There is also enough evidence out there to indicate the glyphosates are not as innocuous as the manufacturers would have you believe and they may cause genetic harm to us. If these products cause genetic mutations in lower order insects, reptiles, and mammals why would they not also adversly affect humans, eventually.

    Bookmark   June 11, 2011 at 7:20AM
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annpat(5-Maine)

At last!!! Someone who realizes that Bermuda grass can be dealt with effectively by adequate mulching! miraje, I had almost become convinced that our Bermuda grass in Maine was a special, spineless, variety that succombed to mulch while no other Bermuda grass in the rest of North America did. It was either that or the people who claim there is no solution except for the application of glysophates don't comprehend mulching.

I put my newspaper on top of my sheet compost and cover it with something pretty. I always wonder why people would cover a weed suppressing mulch like newspaper with weed-supporting materials.

    Bookmark   June 11, 2011 at 9:50AM
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miraje(7a)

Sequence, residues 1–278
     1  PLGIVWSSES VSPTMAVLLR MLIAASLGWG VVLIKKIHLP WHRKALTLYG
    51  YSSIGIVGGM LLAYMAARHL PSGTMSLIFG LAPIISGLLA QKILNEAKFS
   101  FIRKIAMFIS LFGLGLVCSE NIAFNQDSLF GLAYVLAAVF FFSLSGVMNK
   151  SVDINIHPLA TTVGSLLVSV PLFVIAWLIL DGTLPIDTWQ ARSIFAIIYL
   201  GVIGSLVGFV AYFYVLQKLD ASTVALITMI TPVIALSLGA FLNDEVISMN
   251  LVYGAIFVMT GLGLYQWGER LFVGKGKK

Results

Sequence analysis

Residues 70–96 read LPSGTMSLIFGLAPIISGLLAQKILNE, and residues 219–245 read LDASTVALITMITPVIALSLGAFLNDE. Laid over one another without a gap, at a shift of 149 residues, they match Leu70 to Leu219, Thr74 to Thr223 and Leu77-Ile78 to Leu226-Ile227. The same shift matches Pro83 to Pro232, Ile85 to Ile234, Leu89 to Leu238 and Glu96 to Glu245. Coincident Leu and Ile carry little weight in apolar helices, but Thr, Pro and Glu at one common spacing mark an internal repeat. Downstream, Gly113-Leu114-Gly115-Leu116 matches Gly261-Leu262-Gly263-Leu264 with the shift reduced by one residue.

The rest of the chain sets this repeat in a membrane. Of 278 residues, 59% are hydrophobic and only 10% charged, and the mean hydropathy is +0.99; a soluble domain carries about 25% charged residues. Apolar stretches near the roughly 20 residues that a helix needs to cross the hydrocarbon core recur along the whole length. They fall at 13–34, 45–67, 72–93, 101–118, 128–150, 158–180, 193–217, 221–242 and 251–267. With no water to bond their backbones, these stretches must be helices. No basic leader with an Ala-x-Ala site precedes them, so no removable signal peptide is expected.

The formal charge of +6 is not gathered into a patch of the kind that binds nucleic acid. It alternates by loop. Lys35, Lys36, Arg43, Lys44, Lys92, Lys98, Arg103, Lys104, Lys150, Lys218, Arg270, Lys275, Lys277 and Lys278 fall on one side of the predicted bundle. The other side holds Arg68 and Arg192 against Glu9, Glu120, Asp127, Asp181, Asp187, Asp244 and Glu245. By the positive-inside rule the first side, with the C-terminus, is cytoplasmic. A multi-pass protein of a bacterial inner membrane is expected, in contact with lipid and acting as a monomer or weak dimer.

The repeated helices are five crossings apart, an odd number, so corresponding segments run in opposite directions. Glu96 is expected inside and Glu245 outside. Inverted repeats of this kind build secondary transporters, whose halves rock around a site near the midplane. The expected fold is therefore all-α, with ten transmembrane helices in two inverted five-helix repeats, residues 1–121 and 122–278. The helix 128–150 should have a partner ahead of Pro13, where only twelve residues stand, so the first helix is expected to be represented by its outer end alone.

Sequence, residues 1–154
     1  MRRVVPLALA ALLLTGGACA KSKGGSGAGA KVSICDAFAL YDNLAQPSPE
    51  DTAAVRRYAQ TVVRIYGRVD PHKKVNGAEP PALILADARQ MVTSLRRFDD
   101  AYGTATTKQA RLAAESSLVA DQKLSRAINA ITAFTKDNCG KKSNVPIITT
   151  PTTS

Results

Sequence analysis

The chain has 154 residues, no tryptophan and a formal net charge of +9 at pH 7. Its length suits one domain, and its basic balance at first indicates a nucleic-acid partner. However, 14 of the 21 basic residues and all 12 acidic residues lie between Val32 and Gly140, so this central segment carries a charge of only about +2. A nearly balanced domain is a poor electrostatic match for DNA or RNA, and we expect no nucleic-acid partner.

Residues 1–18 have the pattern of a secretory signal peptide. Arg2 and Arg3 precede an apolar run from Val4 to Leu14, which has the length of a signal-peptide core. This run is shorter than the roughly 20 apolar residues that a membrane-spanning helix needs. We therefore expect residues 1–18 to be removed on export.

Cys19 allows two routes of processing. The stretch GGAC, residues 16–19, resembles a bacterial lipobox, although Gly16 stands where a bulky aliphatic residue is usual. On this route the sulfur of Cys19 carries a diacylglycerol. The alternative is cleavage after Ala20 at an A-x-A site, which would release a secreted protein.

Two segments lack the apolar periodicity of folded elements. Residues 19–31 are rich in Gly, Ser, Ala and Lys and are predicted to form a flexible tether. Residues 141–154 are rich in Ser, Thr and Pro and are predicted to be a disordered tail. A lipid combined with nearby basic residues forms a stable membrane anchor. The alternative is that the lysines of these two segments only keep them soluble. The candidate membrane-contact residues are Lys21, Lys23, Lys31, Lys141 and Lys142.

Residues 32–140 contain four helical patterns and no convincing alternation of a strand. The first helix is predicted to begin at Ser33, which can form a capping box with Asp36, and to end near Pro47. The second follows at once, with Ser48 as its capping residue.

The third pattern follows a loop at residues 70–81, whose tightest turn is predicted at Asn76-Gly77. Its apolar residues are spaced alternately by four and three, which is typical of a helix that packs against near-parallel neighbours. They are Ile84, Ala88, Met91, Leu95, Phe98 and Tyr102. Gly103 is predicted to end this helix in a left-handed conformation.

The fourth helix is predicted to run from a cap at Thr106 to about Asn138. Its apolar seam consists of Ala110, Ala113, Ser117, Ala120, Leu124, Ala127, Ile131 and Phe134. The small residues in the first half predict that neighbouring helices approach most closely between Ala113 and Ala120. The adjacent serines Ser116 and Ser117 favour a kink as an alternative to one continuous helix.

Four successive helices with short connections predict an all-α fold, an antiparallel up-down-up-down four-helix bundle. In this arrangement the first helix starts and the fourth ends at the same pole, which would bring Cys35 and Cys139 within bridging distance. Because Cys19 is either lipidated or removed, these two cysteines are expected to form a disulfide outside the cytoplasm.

It's nice to hear from someone who actually does it the other way around by composting underneath the newspaper or cardboard. All the googling I've done turns up instructions that just say to throw the cardboard onto the grass and then pile everything on top of it. It takes digging, but I think it's worth it.

    Bookmark   June 11, 2011 at 10:57AM
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bettycbowen(7)

miraje, I don't know what part of the country you are in, but here in the oil patch our local welding supply made steel edging for our friends' garden - about 8" wide, finished the ends, and delivered for less than the edging at Lowe's. It is that nice aged rust color and looks great.

My raised beds are built on bermuda too - on top of a 50 year old established bermuda lawn/pasture/weeds. I have very little trouble with it any more, it can be done. I started with cardboard and newspaper 10 years ago and struggled with it until I started mulching like crazy.

    Bookmark   June 11, 2011 at 11:43AM
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miraje(7a)

Betty, I'm in central Oklahoma, so I'm sure there's probably an outfit like that around here somewhere. I'm all for saving money and getting a good quality product at the same time, so I'll look into it. Thanks for the suggestion!

    Bookmark   June 11, 2011 at 11:54AM